In the committee's transcript, Rep. Eric Swalwell, D-California, asks Chairman Nunes pointedly whether the FBI is "okay with" disseminating the majority memo to the public.
Nunes avoids directly answering the question, responding, "Our goal was to make sure that we were not going to disclose any issues of national security, and we believe that we have met that threshold."
In another heated exchange, Rep. Mike Quigley, D-Illinois, peppers Nunes with a series of questions about whether any part of the process was coordinated with the White House.
"Let me ask you another question with the greatest respect," Rep. Quigley said. "When you, as the majority, conceived of doing this memo for release to the body and to the public, the preparation, the thought of doing it, the consultation of it, was any of this done after/during conversations or consultations with anyone in the White House? Did they have any idea you were doing this? Did they talk about doing this with you? Did they suggest it? Did you suggest it to them? Did you consult in deciding how to go forward with this before, during, and after this point right now?
"I would just answer, as far as I know, no," Nunes responds, before noting the minority has been reluctant to investigate matters of FISA abuse.
"Mr. Chairman," Rep. Quigley continues, "does that mean that none of the staff members that worked for the majority had any consultation, communication at all with the White House?"
"The chair is not going to entertain a question by another member," Rep. Nunes responds, and moves on.
In April, Nunes, who served as an official on President-elect Trump's transition team, stepped away -- but never officially recused himself -- from the committee's ongoing investigation into Russian meddling in the 2016 election, while the Office of Congressional Ethics looked into charges he may have made unauthorized disclosures of classified information. The charges were filed by two left-leaning watchdog groups after Nunes told reporters Mr. Trump's personal communications might have been picked up by the intelligence community through "incidental collection" a month earlier.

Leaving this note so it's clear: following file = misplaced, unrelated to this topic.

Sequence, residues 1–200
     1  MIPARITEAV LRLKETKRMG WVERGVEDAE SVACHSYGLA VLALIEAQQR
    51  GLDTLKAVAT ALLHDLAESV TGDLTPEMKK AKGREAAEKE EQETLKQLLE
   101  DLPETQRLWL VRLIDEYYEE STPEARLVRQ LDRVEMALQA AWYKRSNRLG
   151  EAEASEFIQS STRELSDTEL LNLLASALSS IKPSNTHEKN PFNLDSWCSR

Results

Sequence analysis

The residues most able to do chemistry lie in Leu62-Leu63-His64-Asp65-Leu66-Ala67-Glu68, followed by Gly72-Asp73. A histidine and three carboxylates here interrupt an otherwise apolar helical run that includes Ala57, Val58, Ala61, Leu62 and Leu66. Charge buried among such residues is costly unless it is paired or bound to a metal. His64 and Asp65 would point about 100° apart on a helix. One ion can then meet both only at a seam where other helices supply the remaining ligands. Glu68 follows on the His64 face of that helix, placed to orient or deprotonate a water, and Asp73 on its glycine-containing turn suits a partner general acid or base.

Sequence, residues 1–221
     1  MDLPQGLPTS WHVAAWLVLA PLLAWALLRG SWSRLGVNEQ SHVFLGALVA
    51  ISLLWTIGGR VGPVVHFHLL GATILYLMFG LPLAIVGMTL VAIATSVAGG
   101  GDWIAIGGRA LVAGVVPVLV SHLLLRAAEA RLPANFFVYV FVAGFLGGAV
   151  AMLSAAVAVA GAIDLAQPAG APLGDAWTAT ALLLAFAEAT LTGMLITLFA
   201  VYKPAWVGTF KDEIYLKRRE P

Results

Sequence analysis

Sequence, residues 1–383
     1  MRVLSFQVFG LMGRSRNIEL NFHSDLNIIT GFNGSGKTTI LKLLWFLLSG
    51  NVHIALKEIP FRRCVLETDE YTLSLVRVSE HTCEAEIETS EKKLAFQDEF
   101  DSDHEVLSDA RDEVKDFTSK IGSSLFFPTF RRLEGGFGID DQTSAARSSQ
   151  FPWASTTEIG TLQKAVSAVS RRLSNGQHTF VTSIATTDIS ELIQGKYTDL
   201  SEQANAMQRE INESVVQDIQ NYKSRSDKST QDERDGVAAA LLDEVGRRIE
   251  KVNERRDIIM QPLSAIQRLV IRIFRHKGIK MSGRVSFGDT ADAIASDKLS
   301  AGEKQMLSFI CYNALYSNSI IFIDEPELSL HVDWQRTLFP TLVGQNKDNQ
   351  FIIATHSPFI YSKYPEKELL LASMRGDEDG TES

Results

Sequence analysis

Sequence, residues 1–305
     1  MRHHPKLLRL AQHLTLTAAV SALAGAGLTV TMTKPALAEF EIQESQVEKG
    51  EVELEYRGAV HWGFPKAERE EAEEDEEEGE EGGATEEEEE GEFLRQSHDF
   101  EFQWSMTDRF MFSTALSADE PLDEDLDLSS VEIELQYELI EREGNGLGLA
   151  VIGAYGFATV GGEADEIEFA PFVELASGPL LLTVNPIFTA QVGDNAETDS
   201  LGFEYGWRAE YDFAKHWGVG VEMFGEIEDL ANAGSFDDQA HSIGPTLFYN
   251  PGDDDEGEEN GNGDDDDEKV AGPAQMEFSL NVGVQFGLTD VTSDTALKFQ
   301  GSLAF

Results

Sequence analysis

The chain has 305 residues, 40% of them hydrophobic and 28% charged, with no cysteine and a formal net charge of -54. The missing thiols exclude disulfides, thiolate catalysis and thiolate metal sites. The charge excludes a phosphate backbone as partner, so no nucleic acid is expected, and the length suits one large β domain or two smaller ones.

The Ethics Committee has since cleared Nunes of the charges.
The White House has signaled that President Trump supports making the majority's memo public, though the timeline for doing so remains unclear.
On a Fox News radio program, White House chief of staff John Kelly said he had personally viewed the memo and that, "It'll be released here pretty quick, I think. And the whole world can see it."
Kelly's remarks came the morning after the president himself, soon after delivering his first State of the Union address, was overheard telling a Republican congressman he would release the memo, "100 percent."
On pages 21 and 22 of the transcript, Nunes appears to take Rep. Mike Quigley, D-Illinois, by surprise with his assertion that the FBI and DOJ have been under investigation by the committee for "many, many months for FISA abuse." Nunes eventually notes that the committee has issued many subpoenas. See the exchange here:
Democrats have expressed concern that Republicans are using the memo to undermine the credibility of the FBI and DOJ as special counsel Robert Mueller investigates Russian election meddling and any ties to Russia. Meanwhile, Republicans have insisted the memo has nothing to do with Mueller's probe.
This is a developing story and will be updated.